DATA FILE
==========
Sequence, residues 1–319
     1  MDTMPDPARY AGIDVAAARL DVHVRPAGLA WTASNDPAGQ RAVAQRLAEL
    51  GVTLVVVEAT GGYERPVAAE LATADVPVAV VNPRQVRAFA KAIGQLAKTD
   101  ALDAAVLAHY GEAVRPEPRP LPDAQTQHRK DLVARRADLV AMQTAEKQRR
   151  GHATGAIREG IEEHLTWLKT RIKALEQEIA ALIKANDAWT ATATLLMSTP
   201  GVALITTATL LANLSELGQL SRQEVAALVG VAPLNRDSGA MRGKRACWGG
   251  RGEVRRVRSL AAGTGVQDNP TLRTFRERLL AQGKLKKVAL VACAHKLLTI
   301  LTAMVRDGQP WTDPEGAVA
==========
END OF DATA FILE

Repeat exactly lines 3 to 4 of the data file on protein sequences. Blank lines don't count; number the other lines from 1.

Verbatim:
    51  GVTLVVVEAT GGYERPVAAE LATADVPVAV VNPRQVRAFA KAIGQLAKTD
   101  ALDAAVLAHY GEAVRPEPRP LPDAQTQHRK DLVARRADLV AMQTAEKQRR